5 Written questions
5 Matching questions
- Griffin-Ford model
- Trade Area
- Primate city
- a In ancient Greece, public spaces where citizens debated, lectured, judged each other, planned military campaigns, socialized, and traded
- b The internal physical attributes about a place, including its absolute location, its spatial character and physical setting.
- c A country's largest city-ranking atop the urban hierarchy-most expressive of the national culture and usually (but not always) the capital as well.
- d Region adjacent to every town and city within which its influence is dominant
- e Developed by geographers Ernst Griffin and Larry Ford, a model of the Latin American city showing a blend of traditional elements of Latin American culture with the forces of globalization that are reshaping the urban scene.
5 Multiple choice questions
- Economic activity that is neither taxed nor monitored by a government; and is not included in that government's Gross National Product; as opposed to a formal economy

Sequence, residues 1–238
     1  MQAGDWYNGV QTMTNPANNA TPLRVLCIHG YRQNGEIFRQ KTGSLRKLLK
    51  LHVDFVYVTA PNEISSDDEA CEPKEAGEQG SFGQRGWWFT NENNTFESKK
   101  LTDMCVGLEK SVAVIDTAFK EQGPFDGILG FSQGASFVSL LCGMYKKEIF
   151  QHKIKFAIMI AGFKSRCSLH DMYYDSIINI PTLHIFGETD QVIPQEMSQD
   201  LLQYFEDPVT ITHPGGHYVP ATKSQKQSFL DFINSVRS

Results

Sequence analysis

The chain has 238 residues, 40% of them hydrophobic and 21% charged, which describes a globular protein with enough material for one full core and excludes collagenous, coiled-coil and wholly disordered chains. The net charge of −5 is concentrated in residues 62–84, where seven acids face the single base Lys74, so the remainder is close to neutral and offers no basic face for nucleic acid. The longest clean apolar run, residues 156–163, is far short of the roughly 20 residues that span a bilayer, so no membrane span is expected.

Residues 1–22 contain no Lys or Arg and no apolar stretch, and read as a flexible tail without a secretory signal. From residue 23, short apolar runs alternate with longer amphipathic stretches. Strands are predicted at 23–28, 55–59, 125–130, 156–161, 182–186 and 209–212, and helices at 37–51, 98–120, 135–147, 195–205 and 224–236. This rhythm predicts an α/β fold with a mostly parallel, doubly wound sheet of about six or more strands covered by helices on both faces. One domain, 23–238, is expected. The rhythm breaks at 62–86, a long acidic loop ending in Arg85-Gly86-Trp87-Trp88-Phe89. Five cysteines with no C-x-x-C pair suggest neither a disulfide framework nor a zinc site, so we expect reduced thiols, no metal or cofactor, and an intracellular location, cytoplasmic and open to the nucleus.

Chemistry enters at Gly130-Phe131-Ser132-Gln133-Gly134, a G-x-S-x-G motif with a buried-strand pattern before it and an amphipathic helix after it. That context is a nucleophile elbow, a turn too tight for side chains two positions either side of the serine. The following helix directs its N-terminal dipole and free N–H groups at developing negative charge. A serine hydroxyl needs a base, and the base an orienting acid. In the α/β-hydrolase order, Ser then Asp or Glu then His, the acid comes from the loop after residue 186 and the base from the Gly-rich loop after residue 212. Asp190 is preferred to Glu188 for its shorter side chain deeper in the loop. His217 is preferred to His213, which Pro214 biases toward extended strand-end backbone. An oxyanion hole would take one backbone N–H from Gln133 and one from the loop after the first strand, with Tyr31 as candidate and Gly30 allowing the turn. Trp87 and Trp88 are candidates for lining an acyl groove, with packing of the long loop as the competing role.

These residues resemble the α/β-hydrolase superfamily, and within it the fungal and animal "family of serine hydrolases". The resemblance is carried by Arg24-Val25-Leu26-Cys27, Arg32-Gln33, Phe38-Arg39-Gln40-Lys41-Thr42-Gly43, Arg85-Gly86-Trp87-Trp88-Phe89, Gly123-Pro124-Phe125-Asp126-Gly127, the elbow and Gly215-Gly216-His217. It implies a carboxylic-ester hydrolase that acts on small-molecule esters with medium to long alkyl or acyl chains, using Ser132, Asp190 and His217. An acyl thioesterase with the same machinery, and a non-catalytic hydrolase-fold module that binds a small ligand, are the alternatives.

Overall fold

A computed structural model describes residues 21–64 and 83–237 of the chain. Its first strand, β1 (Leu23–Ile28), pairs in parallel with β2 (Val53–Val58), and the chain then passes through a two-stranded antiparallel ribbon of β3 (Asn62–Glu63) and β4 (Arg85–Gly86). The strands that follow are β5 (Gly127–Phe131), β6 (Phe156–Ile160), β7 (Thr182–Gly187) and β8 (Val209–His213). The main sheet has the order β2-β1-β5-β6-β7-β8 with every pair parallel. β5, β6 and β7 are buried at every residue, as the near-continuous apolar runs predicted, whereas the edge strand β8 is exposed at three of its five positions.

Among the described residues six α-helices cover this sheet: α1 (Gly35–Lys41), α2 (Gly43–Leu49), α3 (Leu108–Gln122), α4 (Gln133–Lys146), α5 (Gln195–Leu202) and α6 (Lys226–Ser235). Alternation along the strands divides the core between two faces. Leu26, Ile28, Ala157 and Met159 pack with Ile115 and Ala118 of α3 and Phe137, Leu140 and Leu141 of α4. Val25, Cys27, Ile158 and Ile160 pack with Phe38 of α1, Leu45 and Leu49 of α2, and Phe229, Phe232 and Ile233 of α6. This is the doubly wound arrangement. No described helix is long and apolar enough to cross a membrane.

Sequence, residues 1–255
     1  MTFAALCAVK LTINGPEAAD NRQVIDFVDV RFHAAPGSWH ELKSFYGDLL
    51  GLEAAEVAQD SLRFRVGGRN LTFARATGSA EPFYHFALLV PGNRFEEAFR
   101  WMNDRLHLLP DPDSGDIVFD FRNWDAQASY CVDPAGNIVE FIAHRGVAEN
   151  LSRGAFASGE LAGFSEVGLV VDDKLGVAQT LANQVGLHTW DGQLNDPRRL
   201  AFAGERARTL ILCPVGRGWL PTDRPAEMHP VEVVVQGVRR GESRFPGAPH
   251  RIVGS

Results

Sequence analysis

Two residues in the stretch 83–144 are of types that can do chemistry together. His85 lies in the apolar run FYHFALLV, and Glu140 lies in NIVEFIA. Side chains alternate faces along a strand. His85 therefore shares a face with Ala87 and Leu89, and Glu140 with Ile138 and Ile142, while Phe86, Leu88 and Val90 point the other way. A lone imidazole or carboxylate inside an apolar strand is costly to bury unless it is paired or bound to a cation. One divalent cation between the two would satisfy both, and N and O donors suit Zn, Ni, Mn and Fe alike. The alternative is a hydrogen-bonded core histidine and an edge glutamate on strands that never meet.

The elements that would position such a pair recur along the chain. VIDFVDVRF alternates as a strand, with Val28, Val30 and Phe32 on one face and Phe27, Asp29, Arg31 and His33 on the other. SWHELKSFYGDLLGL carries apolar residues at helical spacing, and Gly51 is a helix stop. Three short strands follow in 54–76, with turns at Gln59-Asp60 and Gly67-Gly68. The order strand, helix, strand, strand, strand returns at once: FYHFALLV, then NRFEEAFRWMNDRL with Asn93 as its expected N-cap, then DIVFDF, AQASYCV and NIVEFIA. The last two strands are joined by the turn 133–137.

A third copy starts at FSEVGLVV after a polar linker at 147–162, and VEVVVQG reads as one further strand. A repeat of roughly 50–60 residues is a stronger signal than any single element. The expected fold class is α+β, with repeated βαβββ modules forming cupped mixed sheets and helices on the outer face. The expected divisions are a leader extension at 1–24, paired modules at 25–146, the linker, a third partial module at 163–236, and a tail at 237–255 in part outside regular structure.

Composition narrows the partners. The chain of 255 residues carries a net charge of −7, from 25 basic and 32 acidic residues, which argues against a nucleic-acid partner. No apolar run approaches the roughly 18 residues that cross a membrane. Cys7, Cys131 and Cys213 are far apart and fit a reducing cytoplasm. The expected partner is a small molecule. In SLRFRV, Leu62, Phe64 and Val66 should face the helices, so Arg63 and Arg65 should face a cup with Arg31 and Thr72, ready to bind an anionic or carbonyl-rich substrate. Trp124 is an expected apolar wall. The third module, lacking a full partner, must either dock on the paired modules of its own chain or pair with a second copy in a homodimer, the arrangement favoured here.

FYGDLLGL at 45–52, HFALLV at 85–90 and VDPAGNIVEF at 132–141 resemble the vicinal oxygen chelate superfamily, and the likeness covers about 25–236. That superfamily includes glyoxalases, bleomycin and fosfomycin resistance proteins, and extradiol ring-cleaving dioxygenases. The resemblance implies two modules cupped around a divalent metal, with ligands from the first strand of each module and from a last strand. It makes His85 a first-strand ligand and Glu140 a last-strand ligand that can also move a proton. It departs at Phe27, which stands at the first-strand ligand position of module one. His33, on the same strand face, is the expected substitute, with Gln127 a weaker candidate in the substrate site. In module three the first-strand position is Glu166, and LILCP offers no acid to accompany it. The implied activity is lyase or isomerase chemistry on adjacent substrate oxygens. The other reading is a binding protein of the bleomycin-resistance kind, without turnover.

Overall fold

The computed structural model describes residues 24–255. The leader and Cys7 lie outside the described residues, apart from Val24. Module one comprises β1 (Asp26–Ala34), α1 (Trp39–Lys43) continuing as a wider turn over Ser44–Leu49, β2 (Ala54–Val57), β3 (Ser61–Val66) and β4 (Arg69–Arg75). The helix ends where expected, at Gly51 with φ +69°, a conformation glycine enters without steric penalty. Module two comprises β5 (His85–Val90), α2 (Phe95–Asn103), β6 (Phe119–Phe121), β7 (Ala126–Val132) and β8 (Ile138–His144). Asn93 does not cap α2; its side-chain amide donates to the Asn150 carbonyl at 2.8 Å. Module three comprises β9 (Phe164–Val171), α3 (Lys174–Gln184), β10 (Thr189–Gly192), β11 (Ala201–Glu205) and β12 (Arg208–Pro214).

- the external locational attributes of a place; its relative location or regional position with reference of another nonlocal places
- Chronologically the second urban hearth, dating to 3200 BCE
- The division of a city into different regions or zones for certain purposes of functions
- Group of decision-makers and organizers in early cities who controlled the resources, and often the lives, of others
5 True/False questions
gated communities → a term introduced by american journalist joel garreau in order to describe the shifting focus of urbanization in the united states away from the central business district (CBD) toward the loci of economic activity at the urban fringe (extensive amounts of office and retail space, frew residential areas, modern buildings, less than 30 years old)
Rank-sized Rule → In a model urban hierarchy, the idea that the population of a city or town will be inversely proportional to its rank in the hierarchy
Concentric zone model → Developed by geographer T.G. McGee, a model showing similar land-use patterns among the medium-sized cities of Southeast Asia.
Tear-downs → Homes bought in many American suburbs with the intent of tearing them down and replacing them with much larger homes often referred to as McMansions.
City → Conglomeration of people and buildings clustered together to serve as a center of politics, culture, and economics